Why TikTok Memes Work


Credit to Photo Submitted

Senior Tim Buchanan sits and browses on a new social media app called TikTok. Buchanan has enjoyed using the new app and wants more people to join in on the new app.

By Connor Peper, North Star Reporter

First, Social media app Musical.ly was acquired for $1 billion by Chinese company ByteDance in November 2017.

Second, ByteDance then fully released TikTok in 2018.

The third step for the communist Chinese government was simple: to corrupt American youth with the worst content imaginable and then usher in a new era of communism; however, they didn’t account for one thing: the Internet. China’s tool of global destruction backfired and instead of generating only “so bad it’s good” unironic content, produced ironic parodies and mockeries that were a highlight of the 2018.

TikTok resembles Music.ly. The formats are similar, audio samples could be placed over user created videos and most of the early content utilizing TikTok’s new features was genuine and unironic, but new features helped contribute to the rise of ironic TikTok content.

In November of 2018, the content of TikTok started to change. The addition of the “duet,” a TikTok feature that allows a split screen of two TikToks, allowed people to easily transform unironic content, into ironic content. Examples include the Living Tombstone’s “No Mercy,” Mia Khalifa’s “ iLOVEFRiDAY” and others.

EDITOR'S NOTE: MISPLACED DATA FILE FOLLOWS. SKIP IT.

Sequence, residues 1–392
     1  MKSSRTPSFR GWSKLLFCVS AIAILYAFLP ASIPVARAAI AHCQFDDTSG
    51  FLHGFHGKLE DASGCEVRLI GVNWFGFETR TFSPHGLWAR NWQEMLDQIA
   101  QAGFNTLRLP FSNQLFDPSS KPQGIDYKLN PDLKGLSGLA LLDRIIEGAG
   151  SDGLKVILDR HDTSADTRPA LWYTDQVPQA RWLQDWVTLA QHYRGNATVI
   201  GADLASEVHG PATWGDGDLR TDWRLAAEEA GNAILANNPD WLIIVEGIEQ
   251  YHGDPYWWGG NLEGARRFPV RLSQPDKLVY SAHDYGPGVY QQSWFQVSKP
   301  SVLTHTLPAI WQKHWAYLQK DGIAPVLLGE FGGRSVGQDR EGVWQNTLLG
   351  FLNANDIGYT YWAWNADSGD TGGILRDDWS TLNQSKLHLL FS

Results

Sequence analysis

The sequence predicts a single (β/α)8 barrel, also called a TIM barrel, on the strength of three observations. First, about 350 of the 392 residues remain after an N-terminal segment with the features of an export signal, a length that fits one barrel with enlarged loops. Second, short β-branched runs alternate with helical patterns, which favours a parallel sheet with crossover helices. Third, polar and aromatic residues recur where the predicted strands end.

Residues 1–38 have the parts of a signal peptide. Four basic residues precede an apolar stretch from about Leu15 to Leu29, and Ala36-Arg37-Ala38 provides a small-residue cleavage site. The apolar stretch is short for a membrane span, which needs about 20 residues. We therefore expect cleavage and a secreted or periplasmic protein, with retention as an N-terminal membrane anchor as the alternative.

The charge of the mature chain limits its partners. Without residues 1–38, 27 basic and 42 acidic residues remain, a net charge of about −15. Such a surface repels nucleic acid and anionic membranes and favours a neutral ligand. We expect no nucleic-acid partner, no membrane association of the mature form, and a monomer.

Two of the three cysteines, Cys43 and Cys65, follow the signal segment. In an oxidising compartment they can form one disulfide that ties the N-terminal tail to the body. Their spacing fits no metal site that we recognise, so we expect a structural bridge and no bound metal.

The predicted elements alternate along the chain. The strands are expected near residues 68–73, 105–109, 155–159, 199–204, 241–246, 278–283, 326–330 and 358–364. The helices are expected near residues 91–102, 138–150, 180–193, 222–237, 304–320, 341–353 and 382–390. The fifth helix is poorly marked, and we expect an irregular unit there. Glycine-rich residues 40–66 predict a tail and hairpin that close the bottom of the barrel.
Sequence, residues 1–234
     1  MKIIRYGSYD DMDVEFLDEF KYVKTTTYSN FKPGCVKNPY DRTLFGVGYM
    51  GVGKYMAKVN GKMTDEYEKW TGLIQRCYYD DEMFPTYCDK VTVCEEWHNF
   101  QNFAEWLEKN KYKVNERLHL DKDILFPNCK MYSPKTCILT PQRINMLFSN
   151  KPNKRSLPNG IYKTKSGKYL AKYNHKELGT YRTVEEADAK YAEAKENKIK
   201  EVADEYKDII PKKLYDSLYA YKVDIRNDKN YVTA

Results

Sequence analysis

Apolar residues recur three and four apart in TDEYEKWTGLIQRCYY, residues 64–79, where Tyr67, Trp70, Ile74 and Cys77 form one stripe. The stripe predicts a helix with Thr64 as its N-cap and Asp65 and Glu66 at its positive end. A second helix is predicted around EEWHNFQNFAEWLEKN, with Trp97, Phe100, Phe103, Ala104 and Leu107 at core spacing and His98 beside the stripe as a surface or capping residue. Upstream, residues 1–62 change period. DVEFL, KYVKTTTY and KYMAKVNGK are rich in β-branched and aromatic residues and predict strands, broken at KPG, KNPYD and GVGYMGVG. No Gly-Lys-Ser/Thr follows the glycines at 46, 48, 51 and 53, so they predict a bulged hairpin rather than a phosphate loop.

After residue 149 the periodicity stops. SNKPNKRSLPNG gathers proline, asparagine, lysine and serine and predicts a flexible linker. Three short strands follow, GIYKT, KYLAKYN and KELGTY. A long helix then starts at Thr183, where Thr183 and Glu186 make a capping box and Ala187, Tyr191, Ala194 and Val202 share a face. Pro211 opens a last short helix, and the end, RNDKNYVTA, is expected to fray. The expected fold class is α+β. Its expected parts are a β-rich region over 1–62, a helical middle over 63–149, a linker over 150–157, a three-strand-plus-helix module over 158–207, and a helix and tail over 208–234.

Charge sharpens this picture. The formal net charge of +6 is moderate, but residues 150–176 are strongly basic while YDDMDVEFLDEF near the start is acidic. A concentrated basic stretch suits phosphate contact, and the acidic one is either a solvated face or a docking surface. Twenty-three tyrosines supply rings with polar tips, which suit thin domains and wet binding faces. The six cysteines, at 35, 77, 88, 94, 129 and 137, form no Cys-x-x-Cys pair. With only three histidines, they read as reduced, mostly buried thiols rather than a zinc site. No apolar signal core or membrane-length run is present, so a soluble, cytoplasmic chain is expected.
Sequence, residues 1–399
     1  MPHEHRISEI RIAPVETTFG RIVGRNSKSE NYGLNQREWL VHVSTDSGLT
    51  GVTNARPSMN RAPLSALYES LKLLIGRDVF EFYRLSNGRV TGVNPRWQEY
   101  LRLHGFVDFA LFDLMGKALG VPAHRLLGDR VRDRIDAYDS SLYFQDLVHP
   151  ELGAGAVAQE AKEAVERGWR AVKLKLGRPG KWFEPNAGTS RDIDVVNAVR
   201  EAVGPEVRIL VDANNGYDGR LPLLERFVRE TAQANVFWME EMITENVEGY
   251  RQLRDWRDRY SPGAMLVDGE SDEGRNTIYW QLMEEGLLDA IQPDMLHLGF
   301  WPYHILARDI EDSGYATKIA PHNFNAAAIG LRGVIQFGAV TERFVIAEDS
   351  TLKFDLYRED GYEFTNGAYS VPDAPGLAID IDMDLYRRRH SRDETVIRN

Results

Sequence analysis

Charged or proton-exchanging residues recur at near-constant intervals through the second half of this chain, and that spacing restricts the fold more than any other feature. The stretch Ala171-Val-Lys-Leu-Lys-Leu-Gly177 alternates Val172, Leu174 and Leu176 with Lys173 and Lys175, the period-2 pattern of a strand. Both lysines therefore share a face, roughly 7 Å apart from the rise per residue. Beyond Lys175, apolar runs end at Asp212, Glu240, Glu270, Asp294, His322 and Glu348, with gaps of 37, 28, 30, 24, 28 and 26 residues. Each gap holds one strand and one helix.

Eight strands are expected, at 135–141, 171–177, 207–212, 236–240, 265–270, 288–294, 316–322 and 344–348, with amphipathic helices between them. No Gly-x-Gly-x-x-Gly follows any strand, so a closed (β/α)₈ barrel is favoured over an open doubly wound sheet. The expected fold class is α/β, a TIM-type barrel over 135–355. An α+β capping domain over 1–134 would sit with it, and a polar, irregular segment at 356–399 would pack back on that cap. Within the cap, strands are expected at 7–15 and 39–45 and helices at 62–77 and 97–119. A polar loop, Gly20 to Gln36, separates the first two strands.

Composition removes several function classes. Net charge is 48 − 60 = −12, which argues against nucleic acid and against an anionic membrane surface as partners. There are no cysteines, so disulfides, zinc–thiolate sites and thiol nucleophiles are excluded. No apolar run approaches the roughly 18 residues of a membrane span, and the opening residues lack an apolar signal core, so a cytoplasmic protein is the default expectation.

In the example of “No Mercy,” unironic TikTok users typically placed themselves in the role of one of the singers choosing between characters in the video game Overwatch. These users made mistakes that proved they had never played Overwatch before. Ironic users capitalized on this and created videos either pointing out the mistakes or exaggerating them to ridiculous extents. These memes followed the classic joke format: a reference to the original work, a comedic twist on expectations and then a Fortnite dance. They’re easily replicable and widespread; perfect meme material.

However, something must be addressed. In order for TikTok memes to be funny, they must not outweigh the unironic content on the app. It’s just physics. Every reaction needs to have an equal and opposite reaction. If there is only ironic content, all that the ironic content will be parodying is itself. As of 2018, that balance hasn’t be interrupted. We can only hope that it won’t be.